Client Nineteen comes in for a full leg and bikini wax. Because of the new rules, we never know who we’re getting or when, so when Miss Marci comes back with the clipboard and says, “Virginia, you’re up!” I am in the midst of having my own legs and bikini zone waxed by Brooke and Tammy. Irony, I know.
But this far along, we’re basically a well-oiled machine, so Brooke pats the now-hairless parts of me with the aloe oil we use to calm things down afterwards, and then she and Tammy clean up and cut me a pile of new waxing strips while I get dressed and go greet Nineteen.
I really like her at first. She’s chatty, as waxing clients tend to be, which I enjoy because facial clients never want to talk to you at all, and that can get boring. I hear all about her vacation plans, her kids’ various maladies, her husband’s new job, and so on.
Another great thing about Nineteen is that she feels no pain. She’s very pale and her skin does react, reddening up and even bleeding a bit in the bikini area, but she barely blinks. “I drove myself to my own apendectomy,” she tells me cheerfully, as I wax my way along her inner thigh. “I just have a really high pain threshold or something. This is relaxing.”
So she relaxes on the spa bed, chatting away and happily shifting her legs around contortionist-style as needed. And I wax. And wax and wax. This is my first full leg and bikini together client (though I’ve done plenty of each separately now) and newsflash: That’s a lot of surface area.
Miss Stacy and Miss Marci poke their heads in every half hour or so, to make sure I’m still hanging in there. Yes, every half hour, because the whole thing takes nearly three hours, total. As students, we tend to be slow. Miss Lisa waxed the back of my legs last week in about thirty seconds, using the speed waxing technique where you slap all the wax on and then take on strip and rip, rip, rip, rip your way down. I try this, but I get nervous. It’s a lot of ripping. You have to be really dexterous with the wax stick to get all the wax strips lined up the right way.
Plus, the little hot pots that hold the wax and keep it warm for us are far from precise. The longer you wax, the hotter they get, which means 45 minutes in, you’re going to have to take a break and cool it down for a while. I switch off between two pots, and frequently, one has cooled to the Jello stage while the other is wax-flavored boiling water. The inside of my wrist becomes sticky and checkered with little pink burns from testing too hot wax, and let’s just say it’s really good that Nineteen has that great pain threshold because wax temperature is more art than science.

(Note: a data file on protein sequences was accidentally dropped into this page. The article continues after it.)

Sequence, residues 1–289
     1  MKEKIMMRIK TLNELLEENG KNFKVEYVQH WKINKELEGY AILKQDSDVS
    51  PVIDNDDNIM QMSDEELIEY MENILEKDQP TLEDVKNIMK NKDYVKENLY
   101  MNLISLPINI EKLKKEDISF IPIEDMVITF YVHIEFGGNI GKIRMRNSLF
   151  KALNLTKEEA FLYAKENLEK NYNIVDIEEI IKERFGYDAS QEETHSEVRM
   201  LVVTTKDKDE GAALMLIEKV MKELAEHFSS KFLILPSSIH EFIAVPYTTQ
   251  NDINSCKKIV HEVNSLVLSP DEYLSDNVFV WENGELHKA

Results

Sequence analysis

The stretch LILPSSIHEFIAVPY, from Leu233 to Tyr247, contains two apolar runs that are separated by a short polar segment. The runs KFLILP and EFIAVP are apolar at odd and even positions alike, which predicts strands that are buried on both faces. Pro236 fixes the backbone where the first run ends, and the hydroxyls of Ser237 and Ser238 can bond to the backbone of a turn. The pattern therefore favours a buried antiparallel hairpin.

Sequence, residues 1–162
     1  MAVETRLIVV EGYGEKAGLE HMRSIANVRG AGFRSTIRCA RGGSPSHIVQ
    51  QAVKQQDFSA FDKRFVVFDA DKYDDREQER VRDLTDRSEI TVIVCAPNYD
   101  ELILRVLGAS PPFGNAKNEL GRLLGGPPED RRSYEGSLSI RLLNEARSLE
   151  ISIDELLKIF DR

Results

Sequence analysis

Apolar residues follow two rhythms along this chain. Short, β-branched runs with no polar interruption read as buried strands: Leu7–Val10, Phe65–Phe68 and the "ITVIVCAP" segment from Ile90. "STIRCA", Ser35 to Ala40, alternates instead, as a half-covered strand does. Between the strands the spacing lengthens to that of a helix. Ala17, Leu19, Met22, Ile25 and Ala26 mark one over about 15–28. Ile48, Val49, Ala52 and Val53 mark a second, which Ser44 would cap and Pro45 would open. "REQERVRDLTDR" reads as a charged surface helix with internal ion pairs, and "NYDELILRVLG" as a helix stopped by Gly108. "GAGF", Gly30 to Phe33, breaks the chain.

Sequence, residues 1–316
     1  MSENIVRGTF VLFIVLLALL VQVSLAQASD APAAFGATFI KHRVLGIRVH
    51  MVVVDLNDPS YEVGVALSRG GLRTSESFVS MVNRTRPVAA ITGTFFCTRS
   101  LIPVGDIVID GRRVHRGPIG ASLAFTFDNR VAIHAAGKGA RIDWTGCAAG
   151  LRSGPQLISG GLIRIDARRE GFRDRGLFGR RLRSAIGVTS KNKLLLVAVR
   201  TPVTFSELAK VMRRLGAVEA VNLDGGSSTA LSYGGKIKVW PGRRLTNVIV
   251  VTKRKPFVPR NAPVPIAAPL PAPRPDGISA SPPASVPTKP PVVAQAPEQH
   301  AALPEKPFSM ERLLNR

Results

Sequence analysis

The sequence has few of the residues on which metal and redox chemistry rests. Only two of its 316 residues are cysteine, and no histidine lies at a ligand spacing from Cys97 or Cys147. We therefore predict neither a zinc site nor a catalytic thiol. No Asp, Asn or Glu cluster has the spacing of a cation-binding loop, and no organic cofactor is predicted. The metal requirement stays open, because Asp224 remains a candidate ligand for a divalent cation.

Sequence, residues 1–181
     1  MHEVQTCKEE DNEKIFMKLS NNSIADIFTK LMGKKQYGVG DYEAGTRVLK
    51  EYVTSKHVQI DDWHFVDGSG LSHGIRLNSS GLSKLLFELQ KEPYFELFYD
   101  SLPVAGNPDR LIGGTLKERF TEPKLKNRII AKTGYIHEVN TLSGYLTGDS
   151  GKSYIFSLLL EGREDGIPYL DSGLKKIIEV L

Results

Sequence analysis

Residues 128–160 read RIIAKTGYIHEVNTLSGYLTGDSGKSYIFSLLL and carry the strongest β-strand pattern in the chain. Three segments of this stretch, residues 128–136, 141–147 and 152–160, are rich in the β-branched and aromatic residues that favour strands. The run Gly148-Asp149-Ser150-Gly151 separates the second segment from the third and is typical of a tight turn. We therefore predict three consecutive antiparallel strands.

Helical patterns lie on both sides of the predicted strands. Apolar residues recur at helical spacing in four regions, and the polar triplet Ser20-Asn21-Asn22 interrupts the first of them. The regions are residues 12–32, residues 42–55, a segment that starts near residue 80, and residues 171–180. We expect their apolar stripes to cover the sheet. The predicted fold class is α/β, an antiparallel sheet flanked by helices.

But the main slowdown comes from Nineteen herself, who tracks my progress with eagle eyes. “I think we missed a few furries over there,” she says, pointing to two tiny hairs on the top of her ankle bone. “Can you just do the sides of my hips? That really shows in a bikini,” she adds, pointing to the fine coating of peach fuzz hair that we all have everywhere and that, in fact, you’re not supposed to wax off.
I finally finish and she sits up to better examine herself under the brilliant 1000-watt bulbs of our new makeup mirror. (It’s wall-sized and has the lights going all the way around it, like in old movie star dressing rooms, and everyone loves it until they look at it for longer than 30 seconds, at which point they’re struck blind.) This leads to twenty more minutes of me waxing off individual hairs from the back of her knee that are generally not visible to the naked eye.
“It’s just when you’re on the beach in the sun, you see everything, you know?” Nineteen says.
I do know. For most women, getting into a swimsuit seems to require such a superhuman act of courage, it’s amazing any of us are ever at the beach. God, this makes me sad. And I want Nineteen to have a good vacation. Her kids have been driving her nuts and she hates her job and she deserves it.
But after almost three hours of hard, sweaty labor (did I mention the burns? and how I missed my dinner break?), not to mention three hours of conversation where we’ve covered everything from her mean in-laws to her abandoned dream of being a chef, she slips me $5 for $55 worth of waxing.
I covered what constitutes an appropriate tip in my last Tip Jar post, so suffice to say: If you’re tipping less than ten percent, it’s pretty much like you’re not bothering to tip at all.
Tip Jar Total: $143. Or thereabouts.